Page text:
GCSE Maths Algebra Inequalities

Linear Inequalities

# Linear Inequalities

Here we will learn about linear inequalities, including what linear inequalities are and how to solve them.

There are also linear inequalities worksheets based on Edexcel, AQA and OCR exam questions, along with further guidance on where to go next if you’re still stuck.

## What are linear inequalities?

Linear inequalities are inequalities where the power of the unknown in any algebraic expression is no higher than 1.

For example,

4x+1<13 which is read ‘4x+1 is less than 13’.

We can solve linear inequalities in the same way that we solve linear equations, by using inverse operations to isolate the variable.

The difference is that the answer will be a range of solutions rather than a single value.

The solution is x<3. This means that x is any value less than 3.

Notice that the inequality symbol remains the same throughout the working and for the answer.

The solution is x is less than 3. This means x could be any value less than 3 (for example, 2, \ 1.5, \ 1, \ 0, \ -1, \ -1000, etc.).

### What are linear inequalities? ### Negative numbers and inequalities

If you multiply or divide the inequality by a negative number, the direction of the inequality reverses.

For example, to solve the inequality -3x<30 we could divide both sides by -3.

Since multiplying or dividing by a negative reverses the direction of the inequality, this gives x>-10.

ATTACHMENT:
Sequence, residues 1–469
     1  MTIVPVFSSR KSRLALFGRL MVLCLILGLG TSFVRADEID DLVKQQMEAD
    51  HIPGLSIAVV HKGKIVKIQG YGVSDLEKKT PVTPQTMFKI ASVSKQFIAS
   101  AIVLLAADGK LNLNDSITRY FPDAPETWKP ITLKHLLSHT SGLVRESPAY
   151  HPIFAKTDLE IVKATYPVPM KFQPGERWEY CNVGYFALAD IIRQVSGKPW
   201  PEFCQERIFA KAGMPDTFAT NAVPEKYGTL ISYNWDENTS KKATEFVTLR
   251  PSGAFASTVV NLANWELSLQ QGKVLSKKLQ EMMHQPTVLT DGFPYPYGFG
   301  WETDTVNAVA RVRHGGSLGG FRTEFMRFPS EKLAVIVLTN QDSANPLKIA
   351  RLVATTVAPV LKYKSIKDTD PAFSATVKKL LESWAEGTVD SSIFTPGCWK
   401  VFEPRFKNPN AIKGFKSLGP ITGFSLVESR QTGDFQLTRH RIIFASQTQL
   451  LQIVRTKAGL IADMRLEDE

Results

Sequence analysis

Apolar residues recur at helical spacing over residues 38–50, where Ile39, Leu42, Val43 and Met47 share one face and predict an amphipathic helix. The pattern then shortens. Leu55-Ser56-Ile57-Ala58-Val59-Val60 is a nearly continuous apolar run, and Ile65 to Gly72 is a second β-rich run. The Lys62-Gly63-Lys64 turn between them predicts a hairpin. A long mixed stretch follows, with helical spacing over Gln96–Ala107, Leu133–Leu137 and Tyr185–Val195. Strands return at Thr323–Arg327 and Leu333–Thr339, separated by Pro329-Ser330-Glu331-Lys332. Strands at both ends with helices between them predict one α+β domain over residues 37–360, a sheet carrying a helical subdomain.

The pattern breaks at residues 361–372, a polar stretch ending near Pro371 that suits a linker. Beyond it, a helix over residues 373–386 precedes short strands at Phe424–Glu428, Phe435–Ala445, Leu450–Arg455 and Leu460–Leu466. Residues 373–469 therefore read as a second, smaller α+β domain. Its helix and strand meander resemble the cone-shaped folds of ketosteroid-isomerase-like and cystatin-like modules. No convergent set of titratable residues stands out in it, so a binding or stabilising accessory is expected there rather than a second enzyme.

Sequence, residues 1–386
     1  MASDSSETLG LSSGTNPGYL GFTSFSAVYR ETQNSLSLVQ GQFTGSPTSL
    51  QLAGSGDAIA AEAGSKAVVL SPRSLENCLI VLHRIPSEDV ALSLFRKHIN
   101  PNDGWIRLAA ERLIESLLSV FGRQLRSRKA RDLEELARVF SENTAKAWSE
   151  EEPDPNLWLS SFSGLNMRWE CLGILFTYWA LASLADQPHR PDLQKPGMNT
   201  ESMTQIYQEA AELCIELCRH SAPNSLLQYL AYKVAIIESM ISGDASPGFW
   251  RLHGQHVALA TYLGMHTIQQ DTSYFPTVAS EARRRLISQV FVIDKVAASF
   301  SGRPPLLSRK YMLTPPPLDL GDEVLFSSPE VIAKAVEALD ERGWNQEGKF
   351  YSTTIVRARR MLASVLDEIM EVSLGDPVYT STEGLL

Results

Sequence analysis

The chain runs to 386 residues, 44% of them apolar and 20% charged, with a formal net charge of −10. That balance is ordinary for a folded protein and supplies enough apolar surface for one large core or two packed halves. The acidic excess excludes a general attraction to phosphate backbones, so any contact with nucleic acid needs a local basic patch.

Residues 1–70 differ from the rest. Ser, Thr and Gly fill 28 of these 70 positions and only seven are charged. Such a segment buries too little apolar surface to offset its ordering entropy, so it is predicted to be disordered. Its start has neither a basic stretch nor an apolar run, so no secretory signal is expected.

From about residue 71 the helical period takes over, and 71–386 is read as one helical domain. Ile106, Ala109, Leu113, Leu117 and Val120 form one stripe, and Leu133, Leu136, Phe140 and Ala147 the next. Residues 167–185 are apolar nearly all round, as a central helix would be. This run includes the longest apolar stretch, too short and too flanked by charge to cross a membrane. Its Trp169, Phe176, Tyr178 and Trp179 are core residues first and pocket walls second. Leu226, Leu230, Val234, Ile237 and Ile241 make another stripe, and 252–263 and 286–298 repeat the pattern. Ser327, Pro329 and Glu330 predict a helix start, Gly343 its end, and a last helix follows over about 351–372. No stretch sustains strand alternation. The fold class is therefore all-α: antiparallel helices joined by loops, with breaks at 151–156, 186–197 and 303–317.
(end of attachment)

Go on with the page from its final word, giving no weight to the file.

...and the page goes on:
This only happens when we multiply or divide an inequality by a negative value.

## How to solve linear inequalities

In order to solve linear inequalities:

1. Rearrange the inequality so that all the unknowns are on one side of the inequality sign.
2. Rearrange the inequality by dividing by the \textbf{x} coefficient so that \textbf{‘x’} is isolated.
3. Write your solution with the inequality symbol.

### Explain how to solve linear inequalities ## Related lessons on inequalities

Linear inequalities is part of our series of lessons to support revision on inequalities. You may find it helpful to start with the main inequalities lesson for a summary of what to expect, or use the step by step guides below for further detail on individual topics. Other lessons in this series include:

## Linear inequalities examples

### Example 1: one step linear inequality

Solve the inequality x-7>10.

1. Rearrange the inequality so that all the unknowns are on one side of the inequality sign.

In this case you are adding ‘7’ to both sides.

2Rearrange the inequality by dividing by the \textbf{x} coefficient so that \textbf{‘x’} is isolated.

In this case ‘x’ is already isolated.

3Write your solution with the inequality symbol.

In this example, we already have the solution, x>17.

### Example 2: two step linear inequality

Solve the inequality 5x+4\le 19.

Rearrange the inequality so that all the unknowns are on one side of the inequality sign.

Rearrange the inequality by dividing by the \textbf{x} coefficient so that \textbf{‘x’} is isolated.

Write your solution with the inequality symbol.

### Example 3: two step linear inequality with a fraction

Solve the inequality \frac{m}{3}+10<12.

Rearrange the inequality so that all the unknowns are on one side of the inequality sign.

Rearrange the inequality by dividing by the \textbf{x} coefficient so that \textbf{‘x’} is isolated.

Write your solution with the inequality symbol.

### Example 4: linear inequality with negative coefficient

Solve the inequality 20-3x<8.

Note: There are two ways to deal with negative inequalities. The first is to move the negative to the other side in order to make it positive. The second is to divide by the negative. Dividing by a negative reverses the direction of the inequality sign.

Let’s look at both ways of dealing with this.

Moving the negative to the other side